5 Teacher-Tested Ways to Prevent the Achievement Gap

Take a look around your classroom.  What do you see?  Future scientists?  Mathematicians?  Writers and lawyers?  Artists and singers?  Each of your students comes to you with unique skills and talents and one of the best things about being a […]

Take a look around your classroom.  What do you see?  Future scientists?  Mathematicians?  Writers and lawyers?  Artists and singers?  Each of your students comes to you with unique skills and talents and one of the best things about being a teacher is watching kids thrive as they are given opportunities to explore and learn within the realm of their own individual gifts.
 

But what happens when these individual differences lead to gaps in achievement?  And is there anything teachers can do to make sure that each of their students—regardless of innate talents, socio-economic background, race or gender—stays on pace with the norm?
Our friends at VINCI Education asked the same questions as they worked to develop early-learning curriculum that effectively drove student achievement.  But instead of just asking the questions, they decided to go out and get the answers.  They asked the teachers in two-early learning education programs to utilize technology and game-based curriculum in a blended learning environment to explore how students of differing abilities were able to learn and achieve.  Through these case studies, they learned some interesting tidbits about student achievement and were able then to adjust their curriculum to fit the differing needs of students everywhere.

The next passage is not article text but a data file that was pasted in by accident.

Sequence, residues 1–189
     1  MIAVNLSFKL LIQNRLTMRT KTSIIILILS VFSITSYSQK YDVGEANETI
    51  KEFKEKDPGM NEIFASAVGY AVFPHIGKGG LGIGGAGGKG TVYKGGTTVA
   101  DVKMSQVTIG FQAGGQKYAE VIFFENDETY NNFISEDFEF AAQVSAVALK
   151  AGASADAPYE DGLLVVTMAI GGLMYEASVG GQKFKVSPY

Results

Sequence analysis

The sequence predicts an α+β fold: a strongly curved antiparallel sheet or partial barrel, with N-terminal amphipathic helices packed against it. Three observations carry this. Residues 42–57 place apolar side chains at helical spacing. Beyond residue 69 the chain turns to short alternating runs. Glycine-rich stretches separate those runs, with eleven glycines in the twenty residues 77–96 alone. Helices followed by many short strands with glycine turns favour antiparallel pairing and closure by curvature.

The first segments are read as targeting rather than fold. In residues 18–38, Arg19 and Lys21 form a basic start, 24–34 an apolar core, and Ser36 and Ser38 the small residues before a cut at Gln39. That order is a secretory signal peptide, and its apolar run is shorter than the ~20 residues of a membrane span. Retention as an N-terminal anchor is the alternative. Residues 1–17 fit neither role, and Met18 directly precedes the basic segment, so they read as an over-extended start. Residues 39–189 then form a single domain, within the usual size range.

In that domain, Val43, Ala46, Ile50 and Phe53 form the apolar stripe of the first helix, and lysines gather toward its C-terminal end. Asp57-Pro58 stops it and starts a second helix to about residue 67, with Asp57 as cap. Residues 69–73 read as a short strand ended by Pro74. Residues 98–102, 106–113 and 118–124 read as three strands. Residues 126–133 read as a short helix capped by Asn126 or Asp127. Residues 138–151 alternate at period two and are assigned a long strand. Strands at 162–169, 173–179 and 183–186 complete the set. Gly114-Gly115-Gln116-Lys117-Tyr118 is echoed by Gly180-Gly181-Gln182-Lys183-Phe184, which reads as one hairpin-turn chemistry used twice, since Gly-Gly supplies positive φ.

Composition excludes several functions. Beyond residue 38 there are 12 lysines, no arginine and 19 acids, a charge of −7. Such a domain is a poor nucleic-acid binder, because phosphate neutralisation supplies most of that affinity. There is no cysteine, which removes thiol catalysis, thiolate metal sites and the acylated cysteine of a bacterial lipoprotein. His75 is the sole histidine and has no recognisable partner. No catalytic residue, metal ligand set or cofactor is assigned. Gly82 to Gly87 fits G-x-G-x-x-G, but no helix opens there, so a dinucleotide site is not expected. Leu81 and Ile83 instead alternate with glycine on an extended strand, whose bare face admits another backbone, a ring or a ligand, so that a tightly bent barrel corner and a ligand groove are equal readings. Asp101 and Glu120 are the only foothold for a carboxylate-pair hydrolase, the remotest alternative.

Here are 5 Key Learning Concepts That Can Help You to Prevent Achievement Gaps:

  1. Students thrive when they are given access to creative but intentional curriculum.The Cheryl Andersen-Sorenson Child Center, one of the schools studied, is a play-based, early-learning center where kids spent most of their time in unstructured play and activities.When VINCI added just 15 minutes of structured curriculum time twice a week along with an additional 15-30 minutes of playing related real-world games, students showed significant catch-up on academic learning.This suggests that teachers who creatively but intentionally integrate technology, academics, game-based learning, and unstructured play into their curriculum help all students excel.
  2. Regular assessment facilitates learning. It’s probably not a good idea to hand out a pop quiz every time your Pre-K students learn a new skill, but there are many simple and effective ways to make sure no one is falling behind.Research shows that when teachers have the ability to pull assessment data reports after students play learning games, they are able to adjust their daily curriculum to support student needs and prevent achievement gaps.
  3. Use technology to supplement but not replace, curriculum.The case study done at EnCompass Academy showed significant improvement in student math scores when students were allowed to use VINCI tablets loaded with math games following their teacher’s math concept instruction.
  4. Be smart with technology. The aforementioned EnCompass Academy study also revealed that it’s important strike a balance between technology and hands-on learning, especially with early learners who need a variety of modalities to help them learn.For teachers, this means being smart about technology—making sure that time using devices is spent doing effective educational activities and that you provide a plethora of supplemental hands-on learning opportunities to back up online learning.
  5. Communicate with all stakeholders.When parents and teachers work together, children are given consistent input, creating an environment where learning is reinforced both at school and at home.By letting your students’ parents know where they are succeeding and where they are struggling, you give them the information they need to step in and help. Even better, research shows that if parents are given tools to utilize at home to help their kids learn, they are much more likely to join the teacher in helping their kids succeed.

 

Erin Macpherson

Posted by Erin Macpherson